Today, we received our performance appraisal. All TCS employees were divided into five bands from A to E – A being the top rated and E being the bottom. Top 10% associates get A, next 20% B, next 30% C, next 39% D and bottom 1% E. Band distribution motivates top 10% and at least half of next 20% (bottom half of 20% who knew they did not deserve A). Overall, 20% of work force is motivated and rest all are demotivated. You can notice the feeling when associates take longer tea break, hesitate to talk, do not return calls, and when SLAs breach or just escape breaching.
Why is performance appraisal demotivating for 80% of TCS work force?
Goals set and evaluated do not govern performance appraisal. Goals are set to evaluate performance and a number is given on fulfilment of each goal. All these numbers are rolled up to get a number from 1 to 5. However, this number is not used for performance appraisal band determination and a manual ranking of associates in each project determines performance band. Factors that govern ranking and, thus, performance band:
- Are you required in next 6 months? If so you will get good ranking. It does not matter whether you have contributed anything to revenue until the time of this ranking.
- If person is getting released from project then he will get D, if not E.
- Onsite associates gets lower ranking. Logic is to keep everyone happy – Onsite associate gets Onsite allowance (which is usually higher than Offshore salary) and Offshore associate gets higher band.
- Since consecutive E leads to service termination, another higher performer has to be sacrificed by giving him E. Following year, this higher performer needs to be saved and the cycle continues
- How close you are to decision makers?
Performance appraisal mars collaboration in project. Associates in a project compete to get A, B or C (tragically, even D to escape E). A Project Manager bleeds when he has to burn his best diamonds (team member) like a coal.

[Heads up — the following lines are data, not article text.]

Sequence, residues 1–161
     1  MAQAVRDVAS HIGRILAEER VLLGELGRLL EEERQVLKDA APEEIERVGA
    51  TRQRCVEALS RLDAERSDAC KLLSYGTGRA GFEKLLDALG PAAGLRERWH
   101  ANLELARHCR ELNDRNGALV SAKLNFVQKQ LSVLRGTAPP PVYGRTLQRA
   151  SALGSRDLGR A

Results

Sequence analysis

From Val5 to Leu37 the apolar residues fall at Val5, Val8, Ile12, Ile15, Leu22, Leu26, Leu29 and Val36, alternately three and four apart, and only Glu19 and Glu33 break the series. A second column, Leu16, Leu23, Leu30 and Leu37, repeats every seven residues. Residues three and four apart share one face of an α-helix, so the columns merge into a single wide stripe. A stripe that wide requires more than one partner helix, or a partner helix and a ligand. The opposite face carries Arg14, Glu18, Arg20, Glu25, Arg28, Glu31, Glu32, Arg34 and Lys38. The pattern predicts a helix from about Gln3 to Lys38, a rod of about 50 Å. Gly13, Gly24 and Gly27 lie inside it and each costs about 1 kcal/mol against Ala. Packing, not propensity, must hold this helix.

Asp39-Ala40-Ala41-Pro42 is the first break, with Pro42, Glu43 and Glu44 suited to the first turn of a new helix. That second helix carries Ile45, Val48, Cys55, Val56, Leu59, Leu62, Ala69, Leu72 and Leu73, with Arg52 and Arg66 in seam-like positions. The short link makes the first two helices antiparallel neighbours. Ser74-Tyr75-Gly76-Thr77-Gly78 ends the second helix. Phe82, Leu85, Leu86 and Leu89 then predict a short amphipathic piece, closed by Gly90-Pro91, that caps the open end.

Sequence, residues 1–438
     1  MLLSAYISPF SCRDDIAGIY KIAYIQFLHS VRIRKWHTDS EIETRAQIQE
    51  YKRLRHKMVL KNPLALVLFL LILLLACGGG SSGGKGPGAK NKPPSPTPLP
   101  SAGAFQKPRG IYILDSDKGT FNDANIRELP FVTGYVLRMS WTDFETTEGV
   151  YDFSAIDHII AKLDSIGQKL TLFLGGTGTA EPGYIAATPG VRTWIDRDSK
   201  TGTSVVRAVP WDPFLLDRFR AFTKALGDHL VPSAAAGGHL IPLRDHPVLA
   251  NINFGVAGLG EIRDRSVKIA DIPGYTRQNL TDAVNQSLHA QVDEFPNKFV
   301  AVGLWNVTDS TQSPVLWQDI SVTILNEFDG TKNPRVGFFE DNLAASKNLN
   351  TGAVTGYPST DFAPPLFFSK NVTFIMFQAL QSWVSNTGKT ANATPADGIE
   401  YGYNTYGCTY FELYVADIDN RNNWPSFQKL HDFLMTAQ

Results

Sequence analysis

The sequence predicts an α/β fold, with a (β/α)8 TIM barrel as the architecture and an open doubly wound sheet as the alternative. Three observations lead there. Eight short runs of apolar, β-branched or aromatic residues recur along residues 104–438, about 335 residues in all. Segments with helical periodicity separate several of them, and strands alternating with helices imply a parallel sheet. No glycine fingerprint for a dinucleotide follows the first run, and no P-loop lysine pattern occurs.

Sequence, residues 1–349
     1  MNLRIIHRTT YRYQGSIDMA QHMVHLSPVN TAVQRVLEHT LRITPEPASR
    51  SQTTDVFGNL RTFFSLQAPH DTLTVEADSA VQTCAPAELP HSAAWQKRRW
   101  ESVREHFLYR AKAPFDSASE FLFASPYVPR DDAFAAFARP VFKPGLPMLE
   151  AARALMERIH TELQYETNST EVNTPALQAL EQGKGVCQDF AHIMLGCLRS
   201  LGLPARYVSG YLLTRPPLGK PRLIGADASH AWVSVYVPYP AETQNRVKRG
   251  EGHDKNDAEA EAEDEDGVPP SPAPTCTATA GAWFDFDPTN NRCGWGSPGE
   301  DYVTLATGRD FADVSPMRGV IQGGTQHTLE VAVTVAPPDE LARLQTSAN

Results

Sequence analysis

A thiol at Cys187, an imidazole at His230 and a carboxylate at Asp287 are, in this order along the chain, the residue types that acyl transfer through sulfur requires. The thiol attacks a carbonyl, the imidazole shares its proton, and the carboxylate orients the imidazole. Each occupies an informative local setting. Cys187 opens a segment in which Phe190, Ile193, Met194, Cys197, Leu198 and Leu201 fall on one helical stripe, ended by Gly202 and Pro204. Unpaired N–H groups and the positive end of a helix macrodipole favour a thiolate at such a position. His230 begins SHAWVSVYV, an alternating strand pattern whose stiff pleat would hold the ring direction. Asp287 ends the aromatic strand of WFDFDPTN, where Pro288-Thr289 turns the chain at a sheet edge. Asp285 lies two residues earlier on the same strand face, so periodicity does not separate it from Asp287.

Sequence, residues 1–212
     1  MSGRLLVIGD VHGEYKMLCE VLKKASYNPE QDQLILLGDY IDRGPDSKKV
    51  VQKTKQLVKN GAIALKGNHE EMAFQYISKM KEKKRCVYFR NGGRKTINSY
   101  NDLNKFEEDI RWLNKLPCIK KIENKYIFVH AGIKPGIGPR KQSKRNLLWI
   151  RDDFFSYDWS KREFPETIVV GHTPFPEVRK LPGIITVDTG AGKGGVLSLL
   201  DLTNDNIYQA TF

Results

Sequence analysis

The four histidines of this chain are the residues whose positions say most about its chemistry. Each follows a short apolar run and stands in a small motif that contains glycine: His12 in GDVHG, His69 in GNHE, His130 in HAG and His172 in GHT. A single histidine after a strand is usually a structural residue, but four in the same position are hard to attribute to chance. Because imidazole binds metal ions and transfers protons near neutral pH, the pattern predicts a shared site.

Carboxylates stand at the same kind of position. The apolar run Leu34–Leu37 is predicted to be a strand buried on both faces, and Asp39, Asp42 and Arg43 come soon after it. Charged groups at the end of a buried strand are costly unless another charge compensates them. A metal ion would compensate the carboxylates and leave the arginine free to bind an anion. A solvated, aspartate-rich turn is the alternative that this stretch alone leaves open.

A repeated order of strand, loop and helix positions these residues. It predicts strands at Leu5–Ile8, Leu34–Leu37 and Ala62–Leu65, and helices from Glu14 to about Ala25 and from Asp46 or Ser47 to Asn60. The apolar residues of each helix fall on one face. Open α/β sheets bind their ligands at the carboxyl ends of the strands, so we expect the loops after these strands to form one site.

Should we not have performance appraisal?
We should have performance appraisal. However, performance appraisal needs major revamp:
- Only one person or one committee sets performance goals for all associates in a project. Number generated from goal attained should determine ranking of person in project.
- Many a times supervisor keeps goals in a goal-sheet vague (not specific or quantifiable) so that he can evaluate overall and give his opinion. Instead of that one of the goal measure can be supervisor opinion of appraisee performance. This goal should be subjective.
- Have two scales of performance appraisal – project performance and personal performance.
- Have 2-3 performance levels. A – top-performer, B – mediocre, C – non-performer. Employ level C for very small percentage like 1%. Applying level C should not be mandated on personal performance but mandated on project performance scale. Coach or terminate a person with both individual and project performance C.
- Disburse project team that obtains project band A and C.
How is suggested performance appraisal method better than TCS‘s method?
- Ensures that everyone is rated on the same scale. If goals are well-defined and appraisee appraised on goals then individual factors, onsite/offshore, requirement over the time etc. will disappear.
- Promotes collaboration rather than competition especially in team. Reduction in number of band values (D and E, even possibly C) will further reduce competition.
- Allows company to grow when performers in best projects are distributed in organization and bottom performers are coached or terminated.
Performance appraisal can never be perfect and suggested method may also suffer from some problems. One of the problem I envisage is that reduction in competition will not address lack of motivation (not demotivation) in 40% of least performers (in TCS‘s D and E scale). With 60% of work force motivated and rest 40% not demotivated, suggested performance appraisal method is far superior than TCS‘s current performance appraisal method.